Pakistani’s care damn about kashmiri’s but are using that hollow ficitious sympathy as a trojan horse to further Sunni empire expansion.

That is why everybody has a duty to question the legitimacy of Pakistan occupied Kashmir, with regards to the right of Self determination of Kashmiri’s.

Purely focusing on India with regards to Kashmir, is actually killing the Kashmiri cause, the focus has to be of an all encompassing nature and comprehensive to include all of the land violations and 1948 UN Kashmir resolutions that Pakistan continually evades.

The legitimacy and legality of the Pakistani occupation of Kashmir must be openly questioned, the same way the Indian side is being constantly questioned.

If India is to vacate Kashmir, so must Pakistan fully and wholeheartedly, to do anything else is a complete and utter waste of time and unfair to India and mostly Kashmiri’s themselves.

The biggest humour about Kashmir is Pakistani’s yearing for Kashmiri freedom, then why don’t Pakistani’s, Punjabi settlers, the Pak Army, proxy terrorist camps, jihadi’s….all of them, why don’t they just get the fxck out of Kashmir as well? Why is India the only bad guy here?

Why the fxck do Pakistani’s have double standard here?

Pot calling the kettle black.

Posted by G-W | Report as abusive
 

The best thing for both Kashmir and India is to restructure the security forces there. Push the Army and all the assorted security forces out to the border areas and then create a completely indigenous security force for Kashmir.

Under that situation the dynamics will change considerably. When its mostly Kashmiris dying at the hands of Kashmiris, their tolerance for violence will decrease dramatically.

A rough copy of this game plan worked quite well for the Americans in Iraq. The militias they created took on the Sunni insurgents. And as soon as it became Iraqis killing Iraqis, violence rates started tumbling. Communities stopped harbouring terrorists. Indigenous and local security forces knew the terrain better and were better able to target violent extremists. And with self-preservation a concern, the local forces went after the insurgents with far more zeal than the Americans would have. It also improved the human rights issue. By the local forces knowing everybody in their areas, they were less likely to commit mistakes and target the wrong people by accident.

This is a blueprint that would serve India well. Offer the Kashmiris a chance to have an independent constabulary/gendarmarie entirely responsible for the security of the state. Heck, let them draft young Kashmiris into that force if they must. But there shouldn’t be anybody but Kashmiri residents in that force.

Then push the Army, CRPF, BSF, etc. out to the borders and put them on overdrive to cut off infiltrations. The plus side for India in this, is that troop density along border areas dramatically increases under this plan. If Pakistan wishes to then maintain its current rate of infiltrations, the amount of resources it would have to expend would be massive. This now becomes a mini-version of the Cold War strategy the Americans used against the Soviets. If the price of Pakistan’s “thousand cuts” strategy were to increase exponentially, how long would they be able to sustain it?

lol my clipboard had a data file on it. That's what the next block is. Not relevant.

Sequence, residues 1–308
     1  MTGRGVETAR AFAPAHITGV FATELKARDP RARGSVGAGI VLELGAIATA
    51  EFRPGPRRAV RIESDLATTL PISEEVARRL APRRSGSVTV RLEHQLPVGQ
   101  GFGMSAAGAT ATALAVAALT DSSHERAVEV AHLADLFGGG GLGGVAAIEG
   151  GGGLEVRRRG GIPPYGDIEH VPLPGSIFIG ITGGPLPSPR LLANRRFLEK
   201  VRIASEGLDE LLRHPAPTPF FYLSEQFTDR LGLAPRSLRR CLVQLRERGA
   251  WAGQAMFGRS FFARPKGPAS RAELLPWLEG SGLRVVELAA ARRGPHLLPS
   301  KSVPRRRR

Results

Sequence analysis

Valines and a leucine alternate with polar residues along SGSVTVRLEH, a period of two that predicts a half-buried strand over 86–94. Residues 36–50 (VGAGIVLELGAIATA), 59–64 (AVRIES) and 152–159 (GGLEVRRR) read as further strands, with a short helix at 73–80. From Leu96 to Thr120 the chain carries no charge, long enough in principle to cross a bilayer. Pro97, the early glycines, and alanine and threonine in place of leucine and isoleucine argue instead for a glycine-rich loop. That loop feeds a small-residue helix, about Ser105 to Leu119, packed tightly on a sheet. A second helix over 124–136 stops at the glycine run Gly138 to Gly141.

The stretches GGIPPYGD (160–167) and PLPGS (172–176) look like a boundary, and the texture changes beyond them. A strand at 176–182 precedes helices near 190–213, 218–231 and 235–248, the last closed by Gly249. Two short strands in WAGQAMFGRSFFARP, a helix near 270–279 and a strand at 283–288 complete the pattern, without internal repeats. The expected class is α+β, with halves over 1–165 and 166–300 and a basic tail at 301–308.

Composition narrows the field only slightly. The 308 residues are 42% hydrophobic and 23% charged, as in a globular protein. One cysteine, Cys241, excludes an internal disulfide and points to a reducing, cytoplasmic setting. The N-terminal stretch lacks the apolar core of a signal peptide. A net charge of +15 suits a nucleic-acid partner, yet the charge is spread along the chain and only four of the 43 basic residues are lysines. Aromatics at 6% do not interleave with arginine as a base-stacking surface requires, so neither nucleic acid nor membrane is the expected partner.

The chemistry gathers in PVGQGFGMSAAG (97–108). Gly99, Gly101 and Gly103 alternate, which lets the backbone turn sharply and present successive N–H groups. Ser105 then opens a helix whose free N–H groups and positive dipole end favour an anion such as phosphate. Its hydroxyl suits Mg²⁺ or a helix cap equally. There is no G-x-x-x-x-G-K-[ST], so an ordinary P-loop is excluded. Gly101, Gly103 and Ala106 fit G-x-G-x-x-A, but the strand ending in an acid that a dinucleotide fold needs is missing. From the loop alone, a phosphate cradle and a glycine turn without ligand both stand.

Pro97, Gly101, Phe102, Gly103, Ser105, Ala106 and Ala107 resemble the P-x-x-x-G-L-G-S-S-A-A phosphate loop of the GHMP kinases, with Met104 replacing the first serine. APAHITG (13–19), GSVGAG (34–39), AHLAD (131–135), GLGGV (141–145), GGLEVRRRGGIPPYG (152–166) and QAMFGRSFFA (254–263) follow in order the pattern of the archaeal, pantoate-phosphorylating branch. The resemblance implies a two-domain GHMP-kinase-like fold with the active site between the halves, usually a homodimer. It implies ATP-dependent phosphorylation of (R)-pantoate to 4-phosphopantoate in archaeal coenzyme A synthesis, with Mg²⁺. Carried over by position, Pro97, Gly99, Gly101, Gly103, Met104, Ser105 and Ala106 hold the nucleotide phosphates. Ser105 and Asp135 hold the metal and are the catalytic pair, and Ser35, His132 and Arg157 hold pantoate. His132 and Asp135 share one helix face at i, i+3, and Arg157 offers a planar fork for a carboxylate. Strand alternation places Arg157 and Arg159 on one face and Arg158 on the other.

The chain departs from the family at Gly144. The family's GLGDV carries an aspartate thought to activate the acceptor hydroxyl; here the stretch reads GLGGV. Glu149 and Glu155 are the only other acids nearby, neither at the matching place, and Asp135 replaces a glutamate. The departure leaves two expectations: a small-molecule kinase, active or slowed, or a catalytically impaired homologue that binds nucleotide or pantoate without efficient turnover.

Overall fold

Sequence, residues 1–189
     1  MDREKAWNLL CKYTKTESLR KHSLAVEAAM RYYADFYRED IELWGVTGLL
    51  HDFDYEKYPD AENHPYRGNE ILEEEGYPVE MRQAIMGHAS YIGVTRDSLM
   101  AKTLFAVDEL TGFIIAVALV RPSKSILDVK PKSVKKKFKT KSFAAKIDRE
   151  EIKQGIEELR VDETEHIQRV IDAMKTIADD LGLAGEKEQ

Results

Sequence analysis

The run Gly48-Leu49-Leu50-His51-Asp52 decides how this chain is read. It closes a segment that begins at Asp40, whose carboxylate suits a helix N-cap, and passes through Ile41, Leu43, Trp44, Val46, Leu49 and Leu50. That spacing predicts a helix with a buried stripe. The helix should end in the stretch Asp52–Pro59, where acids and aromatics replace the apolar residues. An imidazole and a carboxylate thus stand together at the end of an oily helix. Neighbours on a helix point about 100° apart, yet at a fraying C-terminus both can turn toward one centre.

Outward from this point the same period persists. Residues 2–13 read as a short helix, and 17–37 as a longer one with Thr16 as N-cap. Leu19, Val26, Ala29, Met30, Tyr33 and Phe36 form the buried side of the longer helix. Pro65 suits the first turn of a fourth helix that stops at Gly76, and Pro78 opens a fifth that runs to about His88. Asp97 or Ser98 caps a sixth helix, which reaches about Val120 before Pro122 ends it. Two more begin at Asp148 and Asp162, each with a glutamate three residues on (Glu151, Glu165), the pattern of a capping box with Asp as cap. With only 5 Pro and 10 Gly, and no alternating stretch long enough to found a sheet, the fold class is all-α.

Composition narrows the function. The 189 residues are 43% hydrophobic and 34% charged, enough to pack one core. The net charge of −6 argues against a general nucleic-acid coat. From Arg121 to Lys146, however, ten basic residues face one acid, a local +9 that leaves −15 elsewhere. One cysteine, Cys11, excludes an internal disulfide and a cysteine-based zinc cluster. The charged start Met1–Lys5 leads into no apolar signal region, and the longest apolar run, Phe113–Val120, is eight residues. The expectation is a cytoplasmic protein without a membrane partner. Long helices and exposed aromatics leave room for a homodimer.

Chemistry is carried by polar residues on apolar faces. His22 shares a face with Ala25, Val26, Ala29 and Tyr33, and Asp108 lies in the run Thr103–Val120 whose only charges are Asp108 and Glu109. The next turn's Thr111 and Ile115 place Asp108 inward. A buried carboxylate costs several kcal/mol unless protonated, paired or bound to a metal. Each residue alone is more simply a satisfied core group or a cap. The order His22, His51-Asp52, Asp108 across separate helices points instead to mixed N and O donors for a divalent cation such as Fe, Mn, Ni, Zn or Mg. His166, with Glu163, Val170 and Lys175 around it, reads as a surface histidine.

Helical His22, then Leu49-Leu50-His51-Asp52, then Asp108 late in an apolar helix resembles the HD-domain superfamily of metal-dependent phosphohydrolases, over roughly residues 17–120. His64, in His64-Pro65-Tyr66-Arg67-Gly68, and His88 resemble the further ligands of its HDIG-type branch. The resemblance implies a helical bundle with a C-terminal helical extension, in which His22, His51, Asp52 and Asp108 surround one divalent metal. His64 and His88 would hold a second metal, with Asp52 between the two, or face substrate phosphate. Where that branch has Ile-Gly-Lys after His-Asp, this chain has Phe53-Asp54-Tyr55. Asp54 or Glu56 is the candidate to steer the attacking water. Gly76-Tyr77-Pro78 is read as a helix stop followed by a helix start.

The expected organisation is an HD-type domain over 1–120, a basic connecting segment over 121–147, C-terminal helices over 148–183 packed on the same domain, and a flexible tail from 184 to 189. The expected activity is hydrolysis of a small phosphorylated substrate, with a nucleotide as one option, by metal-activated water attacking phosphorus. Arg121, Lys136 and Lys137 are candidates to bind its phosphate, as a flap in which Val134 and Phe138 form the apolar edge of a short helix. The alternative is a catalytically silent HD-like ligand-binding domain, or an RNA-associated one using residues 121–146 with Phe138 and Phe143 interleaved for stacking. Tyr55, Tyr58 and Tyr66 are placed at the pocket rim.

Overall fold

As it stands, using heavily armed infantry in Kashmir, is like using a hammer to swat a house fly. And all it amounts to is treating the symptom not the disease. India can’t eliminate training camps in Pakistan (not without sparking a potentially nuclear war). But it can most certainly keep the border as tight as possible and make it incredibly expensive for Pakistan to keep its current course. Just like the US-Soviet contest, India could potentially make it so expensive that Pakistan would have to choose between putting in so many resources to keep up the competition that it could end up disintegrating on its own, or to give up the contest and come to a sound long term solution that works for both sides.

All this, of course, rests on India being able to trust the Kashmiris with being able to police and secure themselves without any additional assistance from the centre (other than picking up the cheque). A little trust here could go a long, long way for India.

I have seen some writings from lower ranking Indian Army officers advocating such a strategy (the Captains, Majors and Colonels actually fighting in Kashmir). But there’s seem to be no evidence that such thinking has caught on at the top. The national security institutions in India, need to heed the advice of their officers on the ground, who understand the situation quite well and know what it takes to solve it.

Posted by kEiThZ | Report as abusive
 

Great comment Keithz!

Posted by Seth | Report as abusive
 

India has over a period of time developed a standarized response to insurgency well described by Shekhar Gupta in Indian express. Let me summarize as below:

Step 1) Throw full military might at rebels with exception of leaders of the rebel movement who are treated with kid gloves.

Step 2) continue with full military pressure till rebels realize that violence will just result in more pain no gain.

Step 3) At that point sit down and negotiate with plenty of generous concessions. Integrate rebels into polictial mainstream and democratic process. Praful Mahanta of Assam, Akali party from Punjab, et al were erstwhile rebels now full integrated.

In Kashmir, we are at Step 2. So lets wait and watch.

Several people especially Indians often assume that India is a weak and soft state given our tradition of giving generous concessions. But we are neither. We are like the bamboo that bends with the wind and survives the storm rather than the upright oak that falls down in a storm.

Our strength comes from two factors:
1) We have the advantage of large numbers – 0.5 million feet on ground in Kashmir and if we need more, we can deploy more. :)
2) Our ability to handle body bags without political fallout. No one has lost an election over death of soldiers in kashmir/Punjab/NE etc.

So holding on to status quo as long as possible works in our advantage. Patience and Fortitude.

Posted by nvrforgetmbai | Report as abusive